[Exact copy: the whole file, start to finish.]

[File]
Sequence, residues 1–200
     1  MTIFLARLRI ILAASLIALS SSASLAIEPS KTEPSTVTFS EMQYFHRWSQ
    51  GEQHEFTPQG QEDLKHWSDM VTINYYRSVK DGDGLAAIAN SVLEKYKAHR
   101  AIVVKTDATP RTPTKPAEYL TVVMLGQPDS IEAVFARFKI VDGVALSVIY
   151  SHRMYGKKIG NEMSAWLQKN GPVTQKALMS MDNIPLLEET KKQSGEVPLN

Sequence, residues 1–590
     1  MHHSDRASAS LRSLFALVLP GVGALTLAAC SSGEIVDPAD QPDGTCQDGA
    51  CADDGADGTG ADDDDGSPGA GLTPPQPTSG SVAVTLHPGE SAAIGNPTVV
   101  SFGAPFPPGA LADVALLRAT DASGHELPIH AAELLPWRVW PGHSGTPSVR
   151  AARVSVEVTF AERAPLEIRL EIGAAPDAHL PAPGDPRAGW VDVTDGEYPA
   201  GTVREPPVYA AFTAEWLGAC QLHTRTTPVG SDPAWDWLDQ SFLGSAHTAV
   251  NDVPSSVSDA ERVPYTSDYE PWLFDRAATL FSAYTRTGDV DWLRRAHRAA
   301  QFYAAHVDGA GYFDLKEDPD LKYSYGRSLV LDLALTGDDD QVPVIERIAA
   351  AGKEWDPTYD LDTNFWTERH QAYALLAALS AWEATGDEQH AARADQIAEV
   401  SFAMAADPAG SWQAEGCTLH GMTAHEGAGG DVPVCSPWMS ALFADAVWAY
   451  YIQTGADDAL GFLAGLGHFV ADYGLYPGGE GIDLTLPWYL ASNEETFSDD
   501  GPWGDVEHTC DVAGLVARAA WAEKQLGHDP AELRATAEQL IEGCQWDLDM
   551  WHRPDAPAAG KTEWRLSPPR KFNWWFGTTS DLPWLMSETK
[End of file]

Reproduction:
Sequence, residues 1–200
     1  MTIFLARLRI ILAASLIALS SSASLAIEPS KTEPSTVTFS EMQYFHRWSQ
    51  GEQHEFTPQG QEDLKHWSDM VTINYYRSVK DGDGLAAIAN SVLEKYKAHR
   101  AIVVKTDATP RTPTKPAEYL TVVMLGQPDS IEAVFARFKI VDGVALSVIY
   151  SHRMYGKKIG NEMSAWLQKN GPVTQKALMS MDNIPLLEET KKQSGEVPLN

Sequence, residues 1–590
     1  MHHSDRASAS LRSLFALVLP GVGALTLAAC SSGEIVDPAD QPDGTCQDGA
    51  CADDGADGTG ADDDDGSPGA GLTPPQPTSG SVAVTLHPGE SAAIGNPTVV
   101  SFGAPFPPGA LADVALLRAT DASGHELPIH AAELLPWRVW PGHSGTPSVR
   151  AARVSVEVTF AERAPLEIRL EIGAAPDAHL PAPGDPRAGW VDVTDGEYPA
   201  GTVREPPVYA AFTAEWLGAC QLHTRTTPVG SDPAWDWLDQ SFLGSAHTAV
   251  NDVPSSVSDA ERVPYTSDYE PWLFDRAATL FSAYTRTGDV DWLRRAHRAA
   301  QFYAAHVDGA GYFDLKEDPD LKYSYGRSLV LDLALTGDDD QVPVIERIAA
   351  AGKEWDPTYD LDTNFWTERH QAYALLAALS AWEATGDEQH AARADQIAEV
   401  SFAMAADPAG SWQAEGCTLH GMTAHEGAGG DVPVCSPWMS ALFADAVWAY
   451  YIQTGADDAL GFLAGLGHFV ADYGLYPGGE GIDLTLPWYL ASNEETFSDD
   501  GPWGDVEHTC DVAGLVARAA WAEKQLGHDP AELRATAEQL IEGCQWDLDM
   551  WHRPDAPAAG KTEWRLSPPR KFNWWFGTTS DLPWLMSETK